THE Supreme Court (SC) has denied a petition that alleged the Commission on Audit (CoA) abused its discretion when it approved the request of a former Iligan City mayor to sell diesel power plants to Conal Holdings Corp. (CHC) for about P386.91 million in 2010.
In a 30-page resolution dated Aug. 16 and made public on Oct. 14, the SC full court said Iligan Rep. Celso G. Regencia, who filed the plea, failed to prove the agency’s abuse of discretion.
“Other than bare allegations, though, petitioners did not submit any evidence to substantiate their claim,” the tribunal said about the purchase price of the power plants.
Mr. Regencia and other private petitioners argued that former Iligan City Mayor Lawrence Ll. Cruz had given unwarranted benefits to the private holdings firm. The former mayor arranged the negotiated sale of Iligan Diesel Power Plant 1 and 2 to the firm.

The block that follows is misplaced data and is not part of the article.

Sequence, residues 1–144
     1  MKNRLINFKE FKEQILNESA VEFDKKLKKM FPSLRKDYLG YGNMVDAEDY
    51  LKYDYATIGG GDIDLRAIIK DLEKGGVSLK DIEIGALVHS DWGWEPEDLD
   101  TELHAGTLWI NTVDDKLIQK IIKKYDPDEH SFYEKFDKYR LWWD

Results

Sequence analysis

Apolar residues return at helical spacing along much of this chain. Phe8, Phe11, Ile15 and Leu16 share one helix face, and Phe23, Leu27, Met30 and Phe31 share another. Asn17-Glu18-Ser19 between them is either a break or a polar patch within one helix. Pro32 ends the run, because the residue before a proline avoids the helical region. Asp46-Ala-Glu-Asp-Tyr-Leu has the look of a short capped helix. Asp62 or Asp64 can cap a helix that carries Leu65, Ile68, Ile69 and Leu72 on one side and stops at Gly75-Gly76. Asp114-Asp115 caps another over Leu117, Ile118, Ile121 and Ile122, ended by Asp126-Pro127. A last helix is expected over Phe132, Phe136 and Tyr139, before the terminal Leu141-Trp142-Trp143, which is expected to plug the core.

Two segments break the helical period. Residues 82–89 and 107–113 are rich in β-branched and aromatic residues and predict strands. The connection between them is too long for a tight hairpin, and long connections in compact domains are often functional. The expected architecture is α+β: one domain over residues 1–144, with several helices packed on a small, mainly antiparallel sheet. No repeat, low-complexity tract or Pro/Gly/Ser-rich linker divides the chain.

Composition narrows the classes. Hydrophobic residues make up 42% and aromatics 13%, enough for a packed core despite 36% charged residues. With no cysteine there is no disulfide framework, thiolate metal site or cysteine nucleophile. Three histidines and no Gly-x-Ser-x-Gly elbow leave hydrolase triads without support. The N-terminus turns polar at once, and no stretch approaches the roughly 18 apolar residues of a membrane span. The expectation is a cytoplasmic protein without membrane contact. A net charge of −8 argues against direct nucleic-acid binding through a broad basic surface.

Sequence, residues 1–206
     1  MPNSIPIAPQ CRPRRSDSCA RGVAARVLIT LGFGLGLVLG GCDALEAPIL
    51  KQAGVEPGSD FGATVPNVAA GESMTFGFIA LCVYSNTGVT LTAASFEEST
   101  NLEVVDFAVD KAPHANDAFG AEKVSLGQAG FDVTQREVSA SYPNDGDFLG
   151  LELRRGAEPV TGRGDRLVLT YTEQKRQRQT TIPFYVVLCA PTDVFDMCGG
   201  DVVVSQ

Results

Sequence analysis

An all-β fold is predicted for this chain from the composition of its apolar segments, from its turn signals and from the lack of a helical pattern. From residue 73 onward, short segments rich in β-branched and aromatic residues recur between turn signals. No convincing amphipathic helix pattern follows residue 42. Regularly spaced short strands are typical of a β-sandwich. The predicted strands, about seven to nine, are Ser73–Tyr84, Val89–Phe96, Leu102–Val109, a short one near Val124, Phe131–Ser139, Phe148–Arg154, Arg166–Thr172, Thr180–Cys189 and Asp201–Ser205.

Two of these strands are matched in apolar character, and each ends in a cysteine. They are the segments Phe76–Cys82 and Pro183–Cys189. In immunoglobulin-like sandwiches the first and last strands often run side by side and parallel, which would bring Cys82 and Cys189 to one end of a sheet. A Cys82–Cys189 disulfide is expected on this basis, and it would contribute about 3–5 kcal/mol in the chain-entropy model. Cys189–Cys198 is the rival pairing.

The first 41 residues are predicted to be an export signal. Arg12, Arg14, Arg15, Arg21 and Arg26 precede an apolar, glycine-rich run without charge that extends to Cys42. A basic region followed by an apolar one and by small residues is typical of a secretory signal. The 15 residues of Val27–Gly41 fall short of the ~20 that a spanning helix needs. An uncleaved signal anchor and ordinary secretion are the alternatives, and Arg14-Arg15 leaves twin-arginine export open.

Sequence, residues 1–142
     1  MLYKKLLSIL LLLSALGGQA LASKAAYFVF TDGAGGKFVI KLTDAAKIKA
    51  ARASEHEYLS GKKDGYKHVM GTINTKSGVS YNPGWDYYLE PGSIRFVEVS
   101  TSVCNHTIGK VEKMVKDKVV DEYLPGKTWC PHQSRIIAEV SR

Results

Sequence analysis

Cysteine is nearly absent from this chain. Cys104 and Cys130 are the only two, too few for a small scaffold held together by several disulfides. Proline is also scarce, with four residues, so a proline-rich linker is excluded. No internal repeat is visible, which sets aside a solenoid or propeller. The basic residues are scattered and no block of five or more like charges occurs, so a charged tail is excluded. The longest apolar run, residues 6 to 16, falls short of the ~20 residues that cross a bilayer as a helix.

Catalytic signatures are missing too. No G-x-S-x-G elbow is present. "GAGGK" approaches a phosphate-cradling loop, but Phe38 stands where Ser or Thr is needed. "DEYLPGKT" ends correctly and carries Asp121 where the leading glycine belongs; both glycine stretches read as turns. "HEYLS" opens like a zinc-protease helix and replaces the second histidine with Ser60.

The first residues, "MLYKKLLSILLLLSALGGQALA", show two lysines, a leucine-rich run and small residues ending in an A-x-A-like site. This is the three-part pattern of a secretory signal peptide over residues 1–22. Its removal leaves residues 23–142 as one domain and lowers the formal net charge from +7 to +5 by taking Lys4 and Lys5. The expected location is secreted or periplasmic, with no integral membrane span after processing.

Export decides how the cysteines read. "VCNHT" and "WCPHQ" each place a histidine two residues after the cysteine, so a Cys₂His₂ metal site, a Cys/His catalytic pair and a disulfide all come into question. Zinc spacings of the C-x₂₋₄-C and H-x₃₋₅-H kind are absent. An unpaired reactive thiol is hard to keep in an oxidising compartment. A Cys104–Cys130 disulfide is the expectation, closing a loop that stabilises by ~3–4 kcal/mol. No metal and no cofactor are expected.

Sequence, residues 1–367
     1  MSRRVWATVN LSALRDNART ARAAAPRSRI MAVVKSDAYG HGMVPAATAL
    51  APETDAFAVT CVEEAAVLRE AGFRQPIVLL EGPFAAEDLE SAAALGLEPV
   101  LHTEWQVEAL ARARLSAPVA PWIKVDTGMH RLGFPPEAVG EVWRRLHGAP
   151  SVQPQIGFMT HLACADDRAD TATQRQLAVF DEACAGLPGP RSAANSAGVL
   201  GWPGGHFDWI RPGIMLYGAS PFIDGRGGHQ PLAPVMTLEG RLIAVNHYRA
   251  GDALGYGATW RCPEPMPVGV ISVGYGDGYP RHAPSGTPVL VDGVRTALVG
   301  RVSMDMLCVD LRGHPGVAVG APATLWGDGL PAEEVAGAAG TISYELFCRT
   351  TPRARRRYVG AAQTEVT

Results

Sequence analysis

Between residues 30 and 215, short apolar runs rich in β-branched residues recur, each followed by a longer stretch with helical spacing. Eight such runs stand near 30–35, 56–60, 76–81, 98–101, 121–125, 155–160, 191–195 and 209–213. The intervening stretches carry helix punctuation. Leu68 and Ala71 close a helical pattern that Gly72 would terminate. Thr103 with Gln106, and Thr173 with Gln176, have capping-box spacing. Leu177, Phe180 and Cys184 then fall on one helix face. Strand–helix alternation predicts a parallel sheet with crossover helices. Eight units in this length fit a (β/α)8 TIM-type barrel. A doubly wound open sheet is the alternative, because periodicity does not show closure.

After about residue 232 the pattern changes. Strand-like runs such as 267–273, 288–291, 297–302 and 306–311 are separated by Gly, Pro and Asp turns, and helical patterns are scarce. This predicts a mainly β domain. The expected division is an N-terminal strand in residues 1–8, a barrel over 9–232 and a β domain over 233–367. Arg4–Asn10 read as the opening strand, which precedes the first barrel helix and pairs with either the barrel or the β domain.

The two power plants were constructed in the 1990s and were operated by National Power Corp. (Napocor), Power Sector Assets and Liabilities Management Corp. (PSALM), and Alsons International, Inc., an affiliate of CHC.
In 2007, the city government of Iligan bought the power plants since no public bidders participated in a scheduled auction. The auction stemmed from warrants of levy issued by the government on the real properties of the power plants against Napocor.
The city treasurer of Iligan sought to collect a total of over P350,000 of real property tax from the state-run NPC.
The following year, the city government proceeded to negotiate the sale of the properties with CHC, which offered P300 million to purchase the diesel plants.
In 2010, Napocor and PSALM relinquished their claims and rights over the power plants to Iligan City. The local legislative body of Iligan City then consented to the negotiated sale of the power plants to CHC pending the CoA’s approval.
In 2012, state auditors upheld the city government’s sale of the properties.
“There being no clear showing of arbitrariness or grave abuse of discretion by the CoA in this case, the court has no reason to set aside the assailed CoA decisions,” said the High Court. — John Victor D. Ordoñez